Mexican Restaurant Believed Source of Seattle E. coli Outbreak

The Ixtapa Mexican restaurant in Lake Stevens, Washington has emerged as the likely culprit in the <"">E. coli outbreak that sickened 17 people in Snohomish County, health officials reported yesterday.  Officials noted that 13 of the 14 people who fell ill ate at the restaurant, which has voluntarily closed, according to the Snohomish Health District.

The owner is cooperating with officials to resolve food-safety problems.  Health District spokeswoman Suzanne Pate said the restaurant was being “very cooperative.”  Public health workers will oversee sanitizing the restaurant, disposing of all opened food products, and are trying to identify the specific contaminated food source.  “It’s like looking for a needle in the haystack,” Pate said.  Ixtapa owners said other restaurants in Snohomish County that go by the same name have not been implicated in the illnesses.  “Food safety and the health of our customers is the No. 1 priority of Ixtapa’s owners and employees,” said a statement issued by the restaurant.  “All of our employees are certified through state-approved food safety programs, and we set the highest standards for compliance.”

The illnesses began between October 7 and 17, with most sickened people reportedly eating at the Ixtapa restaurant between October 2 and 3.  Two of those who fell ill were hospitalized and three of the 17 sickened people did not eat at the restaurant.  Health workers are reviewing those three cases to see if any sort of pattern emerges among them. “Sometimes links emerge later,” Pate said. “Or there’s a possibility they might be three of the usual cases we see a year.”  A fourth person who fell ill has not yet been interviewed.  Snohomish County sees between 16 and 20 reported cases of E. coli in any given year, “so this is a significant number,” Pate said of the confirmed cases.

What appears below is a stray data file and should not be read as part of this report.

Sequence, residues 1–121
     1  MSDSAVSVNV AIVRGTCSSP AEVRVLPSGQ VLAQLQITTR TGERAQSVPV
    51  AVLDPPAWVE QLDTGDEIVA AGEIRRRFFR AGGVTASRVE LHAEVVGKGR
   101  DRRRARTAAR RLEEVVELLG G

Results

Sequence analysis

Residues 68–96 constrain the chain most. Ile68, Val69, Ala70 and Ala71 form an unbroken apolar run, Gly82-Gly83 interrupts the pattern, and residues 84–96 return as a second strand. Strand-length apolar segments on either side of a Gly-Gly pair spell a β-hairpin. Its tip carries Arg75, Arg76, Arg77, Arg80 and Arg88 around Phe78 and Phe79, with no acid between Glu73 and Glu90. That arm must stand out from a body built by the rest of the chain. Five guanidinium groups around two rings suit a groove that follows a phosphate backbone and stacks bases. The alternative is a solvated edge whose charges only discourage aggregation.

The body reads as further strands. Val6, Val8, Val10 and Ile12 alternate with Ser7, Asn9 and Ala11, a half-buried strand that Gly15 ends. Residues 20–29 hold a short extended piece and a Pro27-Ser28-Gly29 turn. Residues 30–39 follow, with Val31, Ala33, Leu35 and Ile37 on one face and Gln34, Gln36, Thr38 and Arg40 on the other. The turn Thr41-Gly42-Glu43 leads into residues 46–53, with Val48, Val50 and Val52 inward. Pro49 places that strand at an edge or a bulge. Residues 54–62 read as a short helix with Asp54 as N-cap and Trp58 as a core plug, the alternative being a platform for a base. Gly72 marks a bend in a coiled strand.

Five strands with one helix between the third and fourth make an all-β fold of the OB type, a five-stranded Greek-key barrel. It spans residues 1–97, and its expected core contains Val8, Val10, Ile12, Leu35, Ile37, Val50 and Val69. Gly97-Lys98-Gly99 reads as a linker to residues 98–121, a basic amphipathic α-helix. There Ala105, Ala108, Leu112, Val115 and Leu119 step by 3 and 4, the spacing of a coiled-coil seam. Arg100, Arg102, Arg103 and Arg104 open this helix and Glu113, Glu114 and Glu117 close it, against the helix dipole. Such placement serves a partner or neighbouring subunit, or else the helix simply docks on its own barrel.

Meanwhile, there have been a number of recent E. coli contamination outbreaks, including one involving California lettuce that affected numerous people in a variety of states and beef in Vermont, as well as another in which, the U.S. Department of Agriculture (USDA) said cattle fed an ethanol byproduct called distiller’s grain, which is a cheap and common feed, have a higher concentration of acid in their digestive tracts and are more likely to have E. coli than corn-fed cattle.  The USDA did not advise farmers to stop feeding distiller’s grain to cattle.

Pate said E. coli is a fecal-oral form of contamination.  It could be picked up if someone “patted a sheep and ate cotton candy,” for example, or changed a diaper, then prepared food without washing hands first, she said.  E. coli are a group of bacteria found in animal intestines and feces.  Some strains are necessary for digestion, while come can be deadly, such as the O157:H7 strain that is generally found to be the culprit in E. coli-related food-borne illness outbreaks and is to blame in this outbreak.  O157:H7 is among those E. coli that may cause serious disease—such as fatal blood poisoning, cystitis, and deadly septicemia—and are in a group called Verocytotoxigenic E. coli (VTEC) that are linked to food poisoning.  Left untreated, E. coli toxicity can result in kidney damage and failure and death.

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